Concern that Syria’s stockpile of chemical weapons could reach militant groups bordering Israel and Turkey was the motivation for restoring relations with Ankara after a three-year rift, Israel’s prime minister said Saturday.

Benjamin Netanyahu wrote on his Facebook page that Israel and Turkey, which border Syria, need to communicate with each other over the Syrian crisis.

“The fact that the crisis in Syria intensifies from moment to moment was the main consideration in my view,” Netanyahu wrote.

Netanyahu phoned Turkish Prime Minister Recep Tayyip Erdogan on Friday and apologized for a botched raid on a Gaza-bound flotilla in 2010 that left eight Turks and one Turkish American dead. Turkey had demanded an apology as a condition for restoring ties. Netanyahu had until now refused to apologize, saying Israeli soldiers acted in self-defense after being attacked by activists.

President Obama, on a visit to the Middle East last week, helped broker the Israeli apology to Turkey.

Turkey and Israel were once strong allies, but relations began to decline after Erdogan, whose party has roots in Turkey’s Islamist movement, was elected in 2003. Erdogan has embarked on a campaign to make Turkey a regional powerhouse and the leading voice in the Muslim world, distanced from Israel.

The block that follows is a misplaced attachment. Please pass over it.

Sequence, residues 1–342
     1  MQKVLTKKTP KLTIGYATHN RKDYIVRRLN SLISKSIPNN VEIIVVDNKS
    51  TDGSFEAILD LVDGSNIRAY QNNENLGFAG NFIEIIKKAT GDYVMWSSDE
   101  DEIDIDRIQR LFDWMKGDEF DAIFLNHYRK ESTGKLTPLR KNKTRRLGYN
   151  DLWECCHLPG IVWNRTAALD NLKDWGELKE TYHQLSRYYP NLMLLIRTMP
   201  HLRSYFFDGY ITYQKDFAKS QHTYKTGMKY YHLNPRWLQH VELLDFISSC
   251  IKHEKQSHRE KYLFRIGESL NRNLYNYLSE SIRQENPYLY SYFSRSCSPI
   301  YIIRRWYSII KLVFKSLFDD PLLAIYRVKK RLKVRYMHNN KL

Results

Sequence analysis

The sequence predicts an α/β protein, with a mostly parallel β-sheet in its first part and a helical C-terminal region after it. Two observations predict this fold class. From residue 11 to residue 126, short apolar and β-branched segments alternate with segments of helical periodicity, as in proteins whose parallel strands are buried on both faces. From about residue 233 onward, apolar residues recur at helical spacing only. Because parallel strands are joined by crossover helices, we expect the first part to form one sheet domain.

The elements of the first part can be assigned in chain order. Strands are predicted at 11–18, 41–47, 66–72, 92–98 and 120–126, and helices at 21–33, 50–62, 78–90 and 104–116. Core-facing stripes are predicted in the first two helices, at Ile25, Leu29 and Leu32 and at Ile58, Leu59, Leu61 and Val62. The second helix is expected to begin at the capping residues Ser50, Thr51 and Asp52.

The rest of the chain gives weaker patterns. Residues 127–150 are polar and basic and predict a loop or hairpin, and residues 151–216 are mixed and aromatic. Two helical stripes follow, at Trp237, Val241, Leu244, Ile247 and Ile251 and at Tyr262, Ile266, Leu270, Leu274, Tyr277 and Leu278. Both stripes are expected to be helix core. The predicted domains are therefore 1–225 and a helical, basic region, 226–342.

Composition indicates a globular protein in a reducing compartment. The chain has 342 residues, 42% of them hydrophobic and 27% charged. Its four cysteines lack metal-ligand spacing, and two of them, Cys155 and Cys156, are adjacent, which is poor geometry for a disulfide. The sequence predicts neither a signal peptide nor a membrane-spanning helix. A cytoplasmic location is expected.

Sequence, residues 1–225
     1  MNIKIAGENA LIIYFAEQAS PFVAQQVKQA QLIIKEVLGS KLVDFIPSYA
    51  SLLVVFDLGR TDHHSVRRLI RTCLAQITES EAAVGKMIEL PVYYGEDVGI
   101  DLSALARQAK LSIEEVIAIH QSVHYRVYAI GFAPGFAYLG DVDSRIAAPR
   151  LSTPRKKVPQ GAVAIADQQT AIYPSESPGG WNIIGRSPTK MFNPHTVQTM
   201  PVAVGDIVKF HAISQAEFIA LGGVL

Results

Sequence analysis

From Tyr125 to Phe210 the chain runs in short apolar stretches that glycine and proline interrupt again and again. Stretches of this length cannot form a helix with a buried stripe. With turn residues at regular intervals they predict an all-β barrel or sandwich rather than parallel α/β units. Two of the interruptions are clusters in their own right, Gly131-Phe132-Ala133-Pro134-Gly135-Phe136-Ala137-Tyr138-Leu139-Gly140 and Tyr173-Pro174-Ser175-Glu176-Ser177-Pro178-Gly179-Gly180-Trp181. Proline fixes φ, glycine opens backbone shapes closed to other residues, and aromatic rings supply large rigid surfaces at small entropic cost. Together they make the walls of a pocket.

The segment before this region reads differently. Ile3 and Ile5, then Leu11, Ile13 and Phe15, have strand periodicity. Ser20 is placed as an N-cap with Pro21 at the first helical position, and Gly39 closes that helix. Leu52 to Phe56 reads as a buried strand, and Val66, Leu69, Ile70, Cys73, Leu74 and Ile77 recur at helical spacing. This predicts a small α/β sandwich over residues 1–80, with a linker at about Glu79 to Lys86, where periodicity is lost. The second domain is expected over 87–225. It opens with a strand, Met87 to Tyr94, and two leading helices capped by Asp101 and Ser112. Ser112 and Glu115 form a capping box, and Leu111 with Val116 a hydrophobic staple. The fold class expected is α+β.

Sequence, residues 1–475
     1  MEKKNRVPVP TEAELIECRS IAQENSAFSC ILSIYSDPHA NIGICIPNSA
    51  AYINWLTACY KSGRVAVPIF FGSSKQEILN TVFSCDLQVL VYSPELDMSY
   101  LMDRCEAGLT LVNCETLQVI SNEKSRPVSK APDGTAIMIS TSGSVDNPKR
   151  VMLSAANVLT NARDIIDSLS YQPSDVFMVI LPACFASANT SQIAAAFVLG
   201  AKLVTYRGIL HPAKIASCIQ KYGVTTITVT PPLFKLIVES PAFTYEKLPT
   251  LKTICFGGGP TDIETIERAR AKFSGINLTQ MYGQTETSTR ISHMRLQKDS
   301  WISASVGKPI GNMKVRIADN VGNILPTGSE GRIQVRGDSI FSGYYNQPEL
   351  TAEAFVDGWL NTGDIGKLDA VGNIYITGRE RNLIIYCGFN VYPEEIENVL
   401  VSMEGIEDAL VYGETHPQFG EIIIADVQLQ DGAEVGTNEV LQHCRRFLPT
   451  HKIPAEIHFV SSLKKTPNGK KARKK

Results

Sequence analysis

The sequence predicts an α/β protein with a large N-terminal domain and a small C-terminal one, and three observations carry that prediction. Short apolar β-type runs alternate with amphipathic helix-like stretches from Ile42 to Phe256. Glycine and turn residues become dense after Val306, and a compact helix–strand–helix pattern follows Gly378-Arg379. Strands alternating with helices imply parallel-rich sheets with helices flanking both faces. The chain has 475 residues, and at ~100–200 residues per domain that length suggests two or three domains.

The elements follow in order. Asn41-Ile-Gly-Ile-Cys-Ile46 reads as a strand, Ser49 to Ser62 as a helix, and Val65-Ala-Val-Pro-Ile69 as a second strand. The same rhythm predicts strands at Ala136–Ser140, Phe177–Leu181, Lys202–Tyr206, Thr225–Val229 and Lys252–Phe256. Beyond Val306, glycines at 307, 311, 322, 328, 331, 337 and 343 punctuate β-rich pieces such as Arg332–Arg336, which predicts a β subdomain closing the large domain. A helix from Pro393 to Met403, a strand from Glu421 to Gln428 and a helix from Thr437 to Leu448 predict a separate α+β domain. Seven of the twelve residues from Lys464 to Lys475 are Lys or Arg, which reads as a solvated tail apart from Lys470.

After the flotilla raid, the nations withdrew their ambassadors.

Spillover from fighting in Syria’s civil war reaches Israeli communities in the Golan Heights from time to time. Errant mortar shells and machine-gun fire have caused damage, sparked fires and spread panic, but there have been no reported injuries.

Israel is concerned that Syria’s chemical arsenal could fall into the hands of militants such as Lebanon’s Hezbollah, an Assad ally, or an al-Qaeda-linked group fighting with the rebels.

Netanyahu’s national security adviser, Yaakov Amidror, said the timing was right for reconciling with Turkey. “Between us and Turkey is a country that is falling apart and that has chemical weapons,” he said.

Last week, Syrian rebels and President Bashar al-Assad’s government blamed each other for a chemical attack on a village. The United States said there was no evidence chemical weapons were used. The two-year-old conflict has killed an estimated 70,000 people.